Teach a man to fish — and pay for the rod too
We have all heard the popular proverb, “give a man a fish and you feed him for a day; teach a man to fish and you feed him for a lifetime”. Everyone agrees, but few pay for the fishing rod.
Successful businesses invest in skills, people and infrastructure. In the same vein, donors need to fund these areas for charities to deliver social impact.
The challenge for charities
Donors often prefer funding programmes that support individual recipients directly over charitable overhead* expenses. This leads to negotiations for lower overhead costs or unwillingness to support programmes with high overhead costs. Many charities cave in to such expectations for fear of losing a potential funder.
Understandably, all donors want to achieve maximum impact for their gift, but reducing overheads is only good up to a point where the sustainability of the charity is not affected. All organisations incur manpower, training, rental and administrative costs at the very least. If charities are pressured to keep overhead costs unsustainably low, they will operate at sub-par levels and enter a vicious cycle of starvation.
At the Community Foundation of Singapore, we have learnt that when charities receive limited funding to cover overhead, service delivery is affected because charities have to divert resources to fundraise for the shortfall.
There is growing recognition that efficiency is not determined by low overhead costs alone. Depending on the type of services or programmes, overhead can vary greatly across charities. For instance, a charity that distributes food rations via volunteers will have far lower overhead than a nursing home that hires skilled staff round-the-clock to provide care.
CFS works with its charity partners to present the true programme costs needed for social impact. With that in mind, we also work with donors to map out sustainable and impactful ways of giving.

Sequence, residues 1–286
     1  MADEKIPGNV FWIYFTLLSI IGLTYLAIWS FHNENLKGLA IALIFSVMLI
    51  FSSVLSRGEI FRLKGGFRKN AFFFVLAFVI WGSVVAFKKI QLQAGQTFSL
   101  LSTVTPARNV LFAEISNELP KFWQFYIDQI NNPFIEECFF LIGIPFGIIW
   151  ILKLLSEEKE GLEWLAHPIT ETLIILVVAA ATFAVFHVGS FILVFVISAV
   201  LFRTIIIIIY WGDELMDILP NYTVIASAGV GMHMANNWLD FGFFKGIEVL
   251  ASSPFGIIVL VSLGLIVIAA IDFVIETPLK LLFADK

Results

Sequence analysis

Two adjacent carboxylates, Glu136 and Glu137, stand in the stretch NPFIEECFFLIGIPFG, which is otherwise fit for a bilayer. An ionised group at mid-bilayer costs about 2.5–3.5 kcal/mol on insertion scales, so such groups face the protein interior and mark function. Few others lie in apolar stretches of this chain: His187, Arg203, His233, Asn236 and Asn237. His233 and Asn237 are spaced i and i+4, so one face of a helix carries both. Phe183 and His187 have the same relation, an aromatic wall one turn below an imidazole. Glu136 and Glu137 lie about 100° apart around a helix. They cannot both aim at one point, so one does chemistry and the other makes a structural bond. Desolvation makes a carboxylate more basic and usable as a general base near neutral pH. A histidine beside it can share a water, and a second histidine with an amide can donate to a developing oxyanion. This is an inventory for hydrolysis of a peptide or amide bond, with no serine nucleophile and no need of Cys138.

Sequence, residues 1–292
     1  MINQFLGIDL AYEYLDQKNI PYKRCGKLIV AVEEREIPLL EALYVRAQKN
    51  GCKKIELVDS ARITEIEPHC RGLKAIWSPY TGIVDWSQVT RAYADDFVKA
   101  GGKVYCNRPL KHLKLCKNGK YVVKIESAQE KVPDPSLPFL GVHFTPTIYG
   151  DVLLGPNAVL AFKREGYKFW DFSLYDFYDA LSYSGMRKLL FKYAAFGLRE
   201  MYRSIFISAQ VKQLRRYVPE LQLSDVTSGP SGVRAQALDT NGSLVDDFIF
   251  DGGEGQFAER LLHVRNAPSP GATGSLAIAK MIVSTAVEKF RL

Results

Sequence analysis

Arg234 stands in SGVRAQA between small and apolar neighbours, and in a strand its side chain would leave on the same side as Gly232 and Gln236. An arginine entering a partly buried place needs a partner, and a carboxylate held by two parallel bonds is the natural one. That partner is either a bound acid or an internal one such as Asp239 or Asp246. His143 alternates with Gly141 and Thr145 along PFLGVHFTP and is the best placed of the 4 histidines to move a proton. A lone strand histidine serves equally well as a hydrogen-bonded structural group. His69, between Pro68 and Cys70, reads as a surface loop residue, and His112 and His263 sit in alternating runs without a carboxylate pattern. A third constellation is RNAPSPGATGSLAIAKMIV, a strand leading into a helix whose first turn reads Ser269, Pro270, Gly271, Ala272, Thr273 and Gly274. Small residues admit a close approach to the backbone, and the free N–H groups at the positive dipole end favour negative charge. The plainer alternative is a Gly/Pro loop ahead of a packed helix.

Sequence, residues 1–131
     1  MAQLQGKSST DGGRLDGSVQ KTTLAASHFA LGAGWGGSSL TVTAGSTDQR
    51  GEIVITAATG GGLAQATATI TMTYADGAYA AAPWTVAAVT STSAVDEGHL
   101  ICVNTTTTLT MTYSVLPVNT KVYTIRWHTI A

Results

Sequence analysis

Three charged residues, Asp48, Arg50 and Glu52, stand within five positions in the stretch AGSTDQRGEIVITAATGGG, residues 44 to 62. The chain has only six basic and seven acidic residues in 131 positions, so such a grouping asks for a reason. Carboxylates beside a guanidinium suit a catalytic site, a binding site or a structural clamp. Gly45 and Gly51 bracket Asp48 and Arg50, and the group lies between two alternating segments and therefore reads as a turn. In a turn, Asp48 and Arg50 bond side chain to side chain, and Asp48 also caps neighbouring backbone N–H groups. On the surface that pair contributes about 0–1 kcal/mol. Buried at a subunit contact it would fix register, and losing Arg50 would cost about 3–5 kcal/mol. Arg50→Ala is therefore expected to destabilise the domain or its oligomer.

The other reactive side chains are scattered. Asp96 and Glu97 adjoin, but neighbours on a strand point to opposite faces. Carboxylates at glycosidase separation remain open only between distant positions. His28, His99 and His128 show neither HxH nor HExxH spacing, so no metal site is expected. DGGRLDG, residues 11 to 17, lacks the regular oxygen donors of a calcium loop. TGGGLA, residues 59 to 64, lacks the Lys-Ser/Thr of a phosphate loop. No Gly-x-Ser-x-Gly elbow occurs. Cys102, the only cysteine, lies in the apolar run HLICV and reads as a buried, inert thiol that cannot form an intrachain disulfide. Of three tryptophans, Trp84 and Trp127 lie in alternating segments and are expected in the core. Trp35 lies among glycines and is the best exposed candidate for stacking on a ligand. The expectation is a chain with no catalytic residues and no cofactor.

We need to continue to have such conversations about true costs; the funding of overhead is just the tip of the iceberg in our search for sustainable social solutions.
Community Foundation of Singapore
*Overhead typically includes manpower, training, rental and administrative expenses.
The competition was organised by City Harvest Community Services Association and received support from FUN! Fund, a Community Impact Fund jointly established by the Community Foundation of Singapore and the Agency for Integrated Care, with the aim of addressing social isolation among the elderly.
Senior Minister of State, Ministry of Communications and Information & Ministry of National Development Mr Tan Kiat How attended the event. He encouraged the elderly to stay physically and mentally well, as well as urging them to participate in community activities and enjoy their golden years together.
The programme provides the children with a non-threatening platform to connect with peers and have positive conversations. In addition, it exposes them to different people who can assist to broaden their perspectives.
L.S., a volunteer with the Reading Odyssey programme @ Spooner Road